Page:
Peter, surely you must be loved by your kids and their friends because you knock together cockpits from old aeroplane parts?
Of course – sometimes my children just have a different opinion and attachment to these components. By the way, I do not actually knock the cockpit together. I very carefully restore scrapped original parts and I put them together appropriately. Once I am finished, these parts are even “better than new” and they work at 100% capacity.
May I ask - where do you get your aeroplane scrap material?
Preferably from aeroplane cemeteries in the USA. In this way, I am able to combine my love for travelling, and especially flying, with the enjoyment I experience when knocking things together, as you put it.
Such a distinctive hobby requires technological knowledge and an ability to work with your hands, doesn’t it?
Let's put it this way: The transitions from my job here at Interroll as TPM manager to the fiddly jobs in my hobby hangar are smooth. There are many similarities between my job and my hobby. For example, the new challenges on the lookout for solutions, the effective implementation of ideas and, last but not least, the joy of success.
But no-one is born with such a hobby, apart from a certain talent and affinity to technical topics – am I right?
Exactly. Here at Interroll, I was given the opportunity to attend a solid training as an industrial mechanic in the sector of machine and system technology. I then completed training as a metal-working foreman at the IHK Bonn and finally, I gained valuable experience installing and servicing machines in South Africa and China.
We are standing in front of two machines that no longer look so up-to-date. What plans do you have for them?
The basic substance of these machines is outstanding. I would definitely like to maintain them and keep using them. Therefore, as part of a retrofit measure, the parts will be lifted, reconstructed and modified so that we can achieve the best possible outcome for our production. It’s just like in real life: a new broom sweeps clean but an old broom knows every corner.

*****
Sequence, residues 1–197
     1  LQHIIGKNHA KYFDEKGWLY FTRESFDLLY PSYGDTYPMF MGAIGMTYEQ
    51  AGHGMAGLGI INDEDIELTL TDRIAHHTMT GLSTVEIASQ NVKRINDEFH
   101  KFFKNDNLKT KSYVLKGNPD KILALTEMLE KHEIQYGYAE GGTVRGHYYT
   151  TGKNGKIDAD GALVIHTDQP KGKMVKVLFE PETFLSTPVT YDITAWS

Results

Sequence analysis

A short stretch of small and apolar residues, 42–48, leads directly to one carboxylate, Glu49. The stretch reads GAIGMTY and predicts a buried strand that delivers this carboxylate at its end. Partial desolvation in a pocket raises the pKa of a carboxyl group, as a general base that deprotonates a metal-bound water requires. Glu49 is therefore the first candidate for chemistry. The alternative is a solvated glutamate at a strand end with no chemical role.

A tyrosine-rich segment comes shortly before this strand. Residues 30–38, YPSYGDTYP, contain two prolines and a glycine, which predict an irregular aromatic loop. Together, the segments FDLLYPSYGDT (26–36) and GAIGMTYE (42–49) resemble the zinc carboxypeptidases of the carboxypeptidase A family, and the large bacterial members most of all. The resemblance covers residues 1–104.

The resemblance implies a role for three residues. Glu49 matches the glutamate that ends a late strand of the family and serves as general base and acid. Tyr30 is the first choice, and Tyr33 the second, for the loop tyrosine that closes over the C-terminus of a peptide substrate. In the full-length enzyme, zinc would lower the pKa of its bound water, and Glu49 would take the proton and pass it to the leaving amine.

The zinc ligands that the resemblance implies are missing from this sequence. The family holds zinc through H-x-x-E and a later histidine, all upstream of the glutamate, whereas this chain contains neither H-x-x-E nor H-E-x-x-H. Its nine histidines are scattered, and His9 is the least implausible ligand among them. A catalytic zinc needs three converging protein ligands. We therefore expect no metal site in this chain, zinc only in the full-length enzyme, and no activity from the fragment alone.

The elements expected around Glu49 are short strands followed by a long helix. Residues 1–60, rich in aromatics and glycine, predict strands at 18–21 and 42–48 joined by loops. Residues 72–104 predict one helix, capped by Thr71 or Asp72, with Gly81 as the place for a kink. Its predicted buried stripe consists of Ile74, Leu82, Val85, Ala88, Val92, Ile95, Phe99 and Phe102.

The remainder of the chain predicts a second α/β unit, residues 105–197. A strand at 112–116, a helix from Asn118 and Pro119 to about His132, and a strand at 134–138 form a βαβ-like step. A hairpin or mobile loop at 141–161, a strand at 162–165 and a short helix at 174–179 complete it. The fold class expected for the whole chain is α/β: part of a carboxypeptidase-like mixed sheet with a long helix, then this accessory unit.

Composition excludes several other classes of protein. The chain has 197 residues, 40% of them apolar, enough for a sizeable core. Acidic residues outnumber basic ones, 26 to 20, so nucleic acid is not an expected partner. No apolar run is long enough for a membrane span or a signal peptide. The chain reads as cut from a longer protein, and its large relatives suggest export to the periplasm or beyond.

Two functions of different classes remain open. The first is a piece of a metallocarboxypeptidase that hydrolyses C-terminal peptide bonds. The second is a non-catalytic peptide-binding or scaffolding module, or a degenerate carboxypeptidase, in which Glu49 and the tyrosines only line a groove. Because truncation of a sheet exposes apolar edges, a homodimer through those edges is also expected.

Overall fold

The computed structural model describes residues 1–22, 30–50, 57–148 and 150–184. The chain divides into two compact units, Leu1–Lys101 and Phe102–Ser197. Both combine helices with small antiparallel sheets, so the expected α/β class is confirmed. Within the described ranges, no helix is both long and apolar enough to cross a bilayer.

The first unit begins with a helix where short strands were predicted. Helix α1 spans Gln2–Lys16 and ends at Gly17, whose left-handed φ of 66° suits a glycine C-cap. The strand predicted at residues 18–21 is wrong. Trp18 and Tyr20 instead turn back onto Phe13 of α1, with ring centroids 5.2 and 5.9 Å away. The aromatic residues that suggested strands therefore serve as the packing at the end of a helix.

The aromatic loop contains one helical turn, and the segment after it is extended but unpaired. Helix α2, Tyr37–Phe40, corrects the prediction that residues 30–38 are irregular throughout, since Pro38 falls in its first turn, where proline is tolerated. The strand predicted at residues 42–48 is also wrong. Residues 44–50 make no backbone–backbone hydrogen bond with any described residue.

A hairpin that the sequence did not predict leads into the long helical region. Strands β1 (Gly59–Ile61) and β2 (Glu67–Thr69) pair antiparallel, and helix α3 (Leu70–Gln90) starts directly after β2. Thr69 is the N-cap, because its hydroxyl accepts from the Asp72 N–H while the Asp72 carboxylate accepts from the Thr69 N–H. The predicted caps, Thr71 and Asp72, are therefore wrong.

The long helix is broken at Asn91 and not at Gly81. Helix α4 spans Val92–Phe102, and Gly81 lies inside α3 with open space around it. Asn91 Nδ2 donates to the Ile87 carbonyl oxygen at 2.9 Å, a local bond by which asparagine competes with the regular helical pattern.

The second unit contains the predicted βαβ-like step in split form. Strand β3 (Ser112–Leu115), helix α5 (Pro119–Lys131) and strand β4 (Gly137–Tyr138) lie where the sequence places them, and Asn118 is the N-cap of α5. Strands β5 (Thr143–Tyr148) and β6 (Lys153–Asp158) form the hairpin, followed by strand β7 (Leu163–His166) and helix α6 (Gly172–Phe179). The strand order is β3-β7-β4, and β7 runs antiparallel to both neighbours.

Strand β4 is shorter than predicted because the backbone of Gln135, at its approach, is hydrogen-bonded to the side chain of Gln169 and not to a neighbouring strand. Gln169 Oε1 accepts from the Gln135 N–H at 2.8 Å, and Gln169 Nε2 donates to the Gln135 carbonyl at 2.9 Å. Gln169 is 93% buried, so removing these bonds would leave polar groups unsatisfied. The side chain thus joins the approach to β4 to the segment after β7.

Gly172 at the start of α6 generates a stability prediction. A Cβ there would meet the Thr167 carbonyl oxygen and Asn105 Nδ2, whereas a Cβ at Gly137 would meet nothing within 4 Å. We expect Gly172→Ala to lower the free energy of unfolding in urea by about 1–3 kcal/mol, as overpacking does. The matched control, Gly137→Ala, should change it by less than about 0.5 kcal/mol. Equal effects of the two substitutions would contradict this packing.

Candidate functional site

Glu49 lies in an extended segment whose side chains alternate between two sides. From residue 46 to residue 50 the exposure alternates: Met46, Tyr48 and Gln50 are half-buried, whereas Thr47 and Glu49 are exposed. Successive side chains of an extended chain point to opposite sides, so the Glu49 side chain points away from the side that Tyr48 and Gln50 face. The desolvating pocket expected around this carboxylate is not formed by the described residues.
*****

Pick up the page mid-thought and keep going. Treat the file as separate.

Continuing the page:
You come across as an interesting and very agile individual. May I ask what plans you have for the future?
After an additional apprenticeship to become a Kaizen manager and a Kaizen tour in Japan (learning from the best), I would like to continue learning here and implement the knowledge I have acquired in the company.
If we could set a benchmark – and we are already well on our way – that, for me, would be the highlight of my work for Interroll.
Such progress could not be achieved single-handedly, could it?
We are all team players here. That is exactly what I like about my job. Everyone understands that we are all in the same boat and that the Kaizen philosophy has been a blessing for the company. If you just look around, you will see that this philosophy has already become a reality for us. This is evident in the company’s exemplary cleanliness standards, the resulting pleasant working atmosphere and meticulous, intralogistic processes.